Wii Expands Musical, Educational Opportunities for WIU Music Professor James Caldwell
Guitar Hero and Rock Band are ways that people can unleash their inner Slash and Eddie Van Halen personas, but the Wii can go well beyond those two popular games to be used for innovative - and educational - opportunities within music education.
Western Illinois University Music Professor James Caldwell has used computers since the 1980s to make music. A few years ago after reading an article in Electronic Musician about using the Wii to make music, he decided to try it out.
“I borrowed a Wii remote from my son-in-law, and spent a weekend playing around with possibilities,” Caldwell said. “I really was intrigued at the ways physical motion could be captured and used to control music generated within a computer and played through speakers.”
Caldwell, an active composer, has played two of his solo Wii pieces on national festivals of electronic and digital music. “Alternative instruments and controllers are an important part of the scene of experimental computer music these days, and I’ve seen a lot of interest in my work with the Wii controllers,” Caldwell said. His most recent piece, “Texturologie 12: Gesture Studies,” was premiered on the WIU campus November 16, 2011.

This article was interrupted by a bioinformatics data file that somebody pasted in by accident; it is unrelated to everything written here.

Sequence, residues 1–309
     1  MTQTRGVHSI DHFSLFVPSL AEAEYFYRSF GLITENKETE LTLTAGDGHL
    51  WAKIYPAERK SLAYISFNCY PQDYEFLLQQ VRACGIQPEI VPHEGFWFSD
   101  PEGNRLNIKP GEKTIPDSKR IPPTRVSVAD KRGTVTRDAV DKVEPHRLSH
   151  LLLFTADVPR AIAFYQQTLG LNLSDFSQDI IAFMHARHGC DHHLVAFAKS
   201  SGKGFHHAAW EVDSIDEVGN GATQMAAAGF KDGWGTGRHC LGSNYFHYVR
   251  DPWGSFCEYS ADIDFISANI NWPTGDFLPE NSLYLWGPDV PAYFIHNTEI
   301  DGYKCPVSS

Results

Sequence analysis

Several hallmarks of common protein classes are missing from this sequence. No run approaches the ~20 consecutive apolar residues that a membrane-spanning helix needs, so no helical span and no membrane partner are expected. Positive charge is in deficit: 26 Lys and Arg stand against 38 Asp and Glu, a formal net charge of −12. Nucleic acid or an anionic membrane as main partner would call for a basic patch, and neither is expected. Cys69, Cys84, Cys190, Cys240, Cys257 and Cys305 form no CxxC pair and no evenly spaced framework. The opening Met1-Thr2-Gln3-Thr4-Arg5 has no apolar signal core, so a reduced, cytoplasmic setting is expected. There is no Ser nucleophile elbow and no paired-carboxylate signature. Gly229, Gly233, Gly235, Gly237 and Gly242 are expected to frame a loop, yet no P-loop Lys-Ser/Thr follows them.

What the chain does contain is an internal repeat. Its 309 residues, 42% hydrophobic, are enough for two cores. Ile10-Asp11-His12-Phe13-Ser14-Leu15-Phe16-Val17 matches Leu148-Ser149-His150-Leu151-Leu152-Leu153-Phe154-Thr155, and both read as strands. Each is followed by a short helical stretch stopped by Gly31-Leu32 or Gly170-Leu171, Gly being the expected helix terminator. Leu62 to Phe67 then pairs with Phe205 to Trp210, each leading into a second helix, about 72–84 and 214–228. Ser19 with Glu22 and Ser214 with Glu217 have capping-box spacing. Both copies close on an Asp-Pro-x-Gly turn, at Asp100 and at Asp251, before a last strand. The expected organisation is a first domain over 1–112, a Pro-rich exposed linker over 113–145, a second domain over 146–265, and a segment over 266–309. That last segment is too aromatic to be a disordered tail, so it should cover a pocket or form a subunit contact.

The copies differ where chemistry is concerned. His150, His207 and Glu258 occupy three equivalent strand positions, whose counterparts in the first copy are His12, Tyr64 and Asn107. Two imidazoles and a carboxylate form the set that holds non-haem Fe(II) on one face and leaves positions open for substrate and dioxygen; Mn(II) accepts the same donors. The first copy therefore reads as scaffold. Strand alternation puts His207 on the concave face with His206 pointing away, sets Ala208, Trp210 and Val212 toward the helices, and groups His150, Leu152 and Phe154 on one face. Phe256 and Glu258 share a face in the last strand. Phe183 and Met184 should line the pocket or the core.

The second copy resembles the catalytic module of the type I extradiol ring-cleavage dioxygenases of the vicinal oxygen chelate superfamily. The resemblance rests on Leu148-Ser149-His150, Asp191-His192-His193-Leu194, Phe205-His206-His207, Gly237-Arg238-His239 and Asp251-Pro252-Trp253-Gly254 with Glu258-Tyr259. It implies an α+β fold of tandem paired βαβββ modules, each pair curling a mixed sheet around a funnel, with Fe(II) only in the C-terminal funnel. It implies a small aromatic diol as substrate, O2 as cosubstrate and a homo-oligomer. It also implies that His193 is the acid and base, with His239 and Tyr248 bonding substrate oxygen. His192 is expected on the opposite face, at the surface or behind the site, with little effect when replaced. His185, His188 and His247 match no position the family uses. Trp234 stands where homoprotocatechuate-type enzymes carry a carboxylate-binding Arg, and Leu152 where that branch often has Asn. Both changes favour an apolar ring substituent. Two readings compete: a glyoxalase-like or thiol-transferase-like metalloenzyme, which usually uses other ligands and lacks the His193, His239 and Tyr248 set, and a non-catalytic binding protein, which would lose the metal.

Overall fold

Caldwell’s wife, Nancy, thought that some of the sounds he was exploring when he started composing with the devices and the gestures he was using reminded her of handbell music, so she proposed they work together on a piece for the Knox Bell Choir, an ensemble of 7th through 12th grade students that Nancy directs at First Presbyterian Church in Macomb.
Caldwell performed Texturologie 8b: Hyperbell, one of his pieces for computer-generated music controlled by Wii remote, at the Studio 300 Digital Art and Music Festival at Transylvania University in Lexington, Kentucky, on September 16, 2011. He also gave a presentation, “Interactive Performance with Wii Controllers.”